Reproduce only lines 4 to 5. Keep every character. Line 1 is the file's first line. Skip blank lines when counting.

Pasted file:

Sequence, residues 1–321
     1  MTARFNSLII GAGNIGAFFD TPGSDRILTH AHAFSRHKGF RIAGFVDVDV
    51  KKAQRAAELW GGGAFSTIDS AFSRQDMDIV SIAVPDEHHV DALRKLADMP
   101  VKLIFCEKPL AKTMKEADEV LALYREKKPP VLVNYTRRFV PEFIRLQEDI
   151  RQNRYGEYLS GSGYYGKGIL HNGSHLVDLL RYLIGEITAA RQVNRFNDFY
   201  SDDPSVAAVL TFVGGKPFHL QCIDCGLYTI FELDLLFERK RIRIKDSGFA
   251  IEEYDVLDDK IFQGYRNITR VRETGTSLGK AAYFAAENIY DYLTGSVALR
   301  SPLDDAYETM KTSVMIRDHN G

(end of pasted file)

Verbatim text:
   101  VKLIFCEKPL AKTMKEADEV LALYREKKPP VLVNYTRRFV PEFIRLQEDI
   151  RQNRYGEYLS GSGYYGKGIL HNGSHLVDLL RYLIGEITAA RQVNRFNDFY